2010 Olympic Torch rides the rails in style from Revelstoke to Craigellachie

Cranbrook-based CP Rail diesel mechanic Randy Dudka (right) passes the flame to CP Rail President and CEO Fred Green at the Last Spike memorial in Craigellachie on Wednesday morning.



Click here for photo gallery of Olympic Torch Relay from Revelstoke to Craigellachie by rail (50 photos)

Calgarian Parmjyt Bal anchored the final leg of the 2010 Olympic Torch Relay visit to Revelstoke, running the last stretch along Victoria Road to the Revelstoke Railway Museum before lighting a cauldron located at the back of the CPR’s Mount Stephen rail car.

After a brief photo-op at the back of the train, the travelling media was corralled inside, joining local and regional politicians, as well as other local representatives such as Parks Canada and Canadian Avalanche Centre personnel. Also on hand was Fred Green, President and CEO of Canadian Pacific.

The luxury train then departed on the 45-minute trip to Craigellachie, the location of the driving of the Last Spike.

Guests were treated to a continental breakfast in the board room of the Mount Stephen Car. Built at Canadian Pacific’s Angus Shops in Montreal in 1926, the luxury car was originally used to serve as a directors’ car for daytime use. The interior features art deco finishing. The decor includes wooden panelling made from maple and Circassian walnut panelling and veneer which was imported from Russia — pretty fancy, in other words.

Winston Churchill, Queen Elizabeth II and the Duke of Edinburgh are a few of the guests to have travelled in the car.

In 1971, the previously mothballed Mount Stephen was assigned to the CP’s public relations department after undergoing a restoration, and has served during these types of functions since then.

Revelstoke Railway Museum executive director Jennifer Dunkerson said the chance to ride in the car was a wonderful experience. “It was great. In the coaches they gave us a wonderful reception and a continental breakfast and we chatted over a number of things,” she said adding it was a good chance to make a number of contacts with CP representatives.

An historian, Dunkerson said it was great to be part of history in the making. “From my end of things, with railway heritage, the whole combination of involving the torch with the train and CP and going through this part of the province in that way — on the train — not only was creating a historical moment, but was also linking history with the present in the whole torchbearer relay. It was a brilliant combination of things.”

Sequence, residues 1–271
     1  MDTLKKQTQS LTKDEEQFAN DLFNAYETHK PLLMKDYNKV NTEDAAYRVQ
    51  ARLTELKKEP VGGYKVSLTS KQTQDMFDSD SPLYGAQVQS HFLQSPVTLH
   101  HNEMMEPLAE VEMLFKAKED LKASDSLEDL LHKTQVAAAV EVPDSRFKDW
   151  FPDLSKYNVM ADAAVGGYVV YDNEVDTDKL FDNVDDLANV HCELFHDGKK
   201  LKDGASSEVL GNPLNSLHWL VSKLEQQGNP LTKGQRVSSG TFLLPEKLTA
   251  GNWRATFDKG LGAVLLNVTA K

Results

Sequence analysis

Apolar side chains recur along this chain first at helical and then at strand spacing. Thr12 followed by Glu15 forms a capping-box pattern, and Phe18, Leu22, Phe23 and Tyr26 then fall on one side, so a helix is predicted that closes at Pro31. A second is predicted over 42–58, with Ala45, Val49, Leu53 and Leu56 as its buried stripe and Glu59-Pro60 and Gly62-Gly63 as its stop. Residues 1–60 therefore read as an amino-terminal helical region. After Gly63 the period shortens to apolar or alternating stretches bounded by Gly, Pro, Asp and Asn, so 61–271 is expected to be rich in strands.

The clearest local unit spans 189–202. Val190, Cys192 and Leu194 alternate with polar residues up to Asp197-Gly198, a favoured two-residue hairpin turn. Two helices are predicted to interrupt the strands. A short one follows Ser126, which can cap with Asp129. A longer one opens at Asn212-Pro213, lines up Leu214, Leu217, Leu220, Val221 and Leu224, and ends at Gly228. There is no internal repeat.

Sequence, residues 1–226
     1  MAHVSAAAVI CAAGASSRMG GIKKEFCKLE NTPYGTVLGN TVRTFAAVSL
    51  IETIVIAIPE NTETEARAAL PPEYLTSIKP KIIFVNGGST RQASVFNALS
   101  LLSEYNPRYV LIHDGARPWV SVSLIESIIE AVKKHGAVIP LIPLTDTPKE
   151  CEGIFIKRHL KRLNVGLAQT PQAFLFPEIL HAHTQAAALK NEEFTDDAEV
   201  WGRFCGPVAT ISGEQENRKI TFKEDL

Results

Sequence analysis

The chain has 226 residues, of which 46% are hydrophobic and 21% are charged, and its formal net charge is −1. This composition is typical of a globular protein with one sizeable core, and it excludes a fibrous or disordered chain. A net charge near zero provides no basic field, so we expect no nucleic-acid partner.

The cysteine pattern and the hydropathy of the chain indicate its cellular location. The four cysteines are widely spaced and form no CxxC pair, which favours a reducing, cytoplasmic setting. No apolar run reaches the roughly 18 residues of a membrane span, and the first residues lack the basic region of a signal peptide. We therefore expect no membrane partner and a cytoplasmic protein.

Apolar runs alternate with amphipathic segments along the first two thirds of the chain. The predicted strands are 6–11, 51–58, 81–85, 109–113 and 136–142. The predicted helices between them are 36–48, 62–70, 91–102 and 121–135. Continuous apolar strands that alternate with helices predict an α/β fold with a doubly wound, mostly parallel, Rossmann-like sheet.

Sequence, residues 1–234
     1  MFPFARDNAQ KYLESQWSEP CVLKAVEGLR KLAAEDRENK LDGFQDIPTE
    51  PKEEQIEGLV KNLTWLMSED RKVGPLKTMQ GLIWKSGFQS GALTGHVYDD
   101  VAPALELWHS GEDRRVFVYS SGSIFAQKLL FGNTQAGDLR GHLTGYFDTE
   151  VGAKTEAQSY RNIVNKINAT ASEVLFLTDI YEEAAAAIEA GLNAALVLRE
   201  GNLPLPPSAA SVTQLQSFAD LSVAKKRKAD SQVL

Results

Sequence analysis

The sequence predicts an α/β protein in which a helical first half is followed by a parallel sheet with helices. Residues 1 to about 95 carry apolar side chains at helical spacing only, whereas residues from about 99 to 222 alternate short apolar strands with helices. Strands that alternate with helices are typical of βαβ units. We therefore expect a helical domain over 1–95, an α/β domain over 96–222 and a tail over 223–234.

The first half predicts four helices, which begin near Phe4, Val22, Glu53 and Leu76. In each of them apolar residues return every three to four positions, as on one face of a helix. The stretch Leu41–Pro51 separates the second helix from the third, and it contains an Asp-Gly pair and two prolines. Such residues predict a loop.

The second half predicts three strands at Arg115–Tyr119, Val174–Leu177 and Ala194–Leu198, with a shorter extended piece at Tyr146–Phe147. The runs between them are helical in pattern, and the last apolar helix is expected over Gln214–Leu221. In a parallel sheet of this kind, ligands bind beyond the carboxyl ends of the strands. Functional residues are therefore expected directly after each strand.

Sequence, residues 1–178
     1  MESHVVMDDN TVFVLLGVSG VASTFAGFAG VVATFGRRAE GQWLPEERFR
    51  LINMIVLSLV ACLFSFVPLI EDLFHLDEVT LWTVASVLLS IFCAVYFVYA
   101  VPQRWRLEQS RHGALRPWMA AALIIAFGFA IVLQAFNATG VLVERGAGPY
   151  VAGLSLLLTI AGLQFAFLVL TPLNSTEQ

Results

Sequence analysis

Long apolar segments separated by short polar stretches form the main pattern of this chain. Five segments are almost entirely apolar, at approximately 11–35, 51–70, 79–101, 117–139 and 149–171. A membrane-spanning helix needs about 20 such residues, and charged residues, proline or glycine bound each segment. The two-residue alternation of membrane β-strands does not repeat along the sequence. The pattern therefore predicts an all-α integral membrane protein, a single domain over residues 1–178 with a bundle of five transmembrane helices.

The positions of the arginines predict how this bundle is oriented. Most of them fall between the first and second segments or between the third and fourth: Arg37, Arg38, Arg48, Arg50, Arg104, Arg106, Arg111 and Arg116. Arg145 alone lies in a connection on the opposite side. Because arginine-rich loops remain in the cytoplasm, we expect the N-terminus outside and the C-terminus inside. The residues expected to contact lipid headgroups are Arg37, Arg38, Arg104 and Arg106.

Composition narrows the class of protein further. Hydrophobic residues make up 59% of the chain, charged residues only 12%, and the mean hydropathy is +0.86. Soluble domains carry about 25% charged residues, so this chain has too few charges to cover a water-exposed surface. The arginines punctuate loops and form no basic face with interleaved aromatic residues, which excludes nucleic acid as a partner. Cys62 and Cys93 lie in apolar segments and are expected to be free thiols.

Also on hand was acting Revelstoke mayor Steve Bender, who was filling in for mayor David Raven. “Emphasis on acting!” he joked. “I just felt so privileged to be on that executive car, being served a continental breakfast and to be part of the whole Olympic thing. I think some of the hoopla kind of glosses over the fact that that’s a real historic event that we just experienced and I was just so privileged to be part of it.”

Once at Craigellachie, Cranbrook-based CP diesel mechanic Randy Dudka lit his torch from the cauldron before doing a lap around the Last Spike historic site. He was one of 20 CP employees from across Canada to be selected through an internal program. He had applied to be a torchbearer through RBC, but wasn’t selected, and was thrilled to get the chance. “It was absolutely awesome,” he says. He was joined by his wife Diane, daughter Georgia and grand-daughter Leah.

Like many participating in the relay, he has a background in athletics. He has been to several B.C. Winter Games, winning a few different medals with the Flying Tigers broomball team from Cranbrook.

Once back at the Last Spike memorial, he passed the flame over to Fred Green, who also did a lap around the complex before posing for photos and then returning to the train to light the cauldron once again.

The train then departed westward, with the next scheduled stop at Canoe, B.C.

Check the photo galleries page for photos from the Jan. 27 Olympic Torch Relay in Revelstoke and Craigellachie.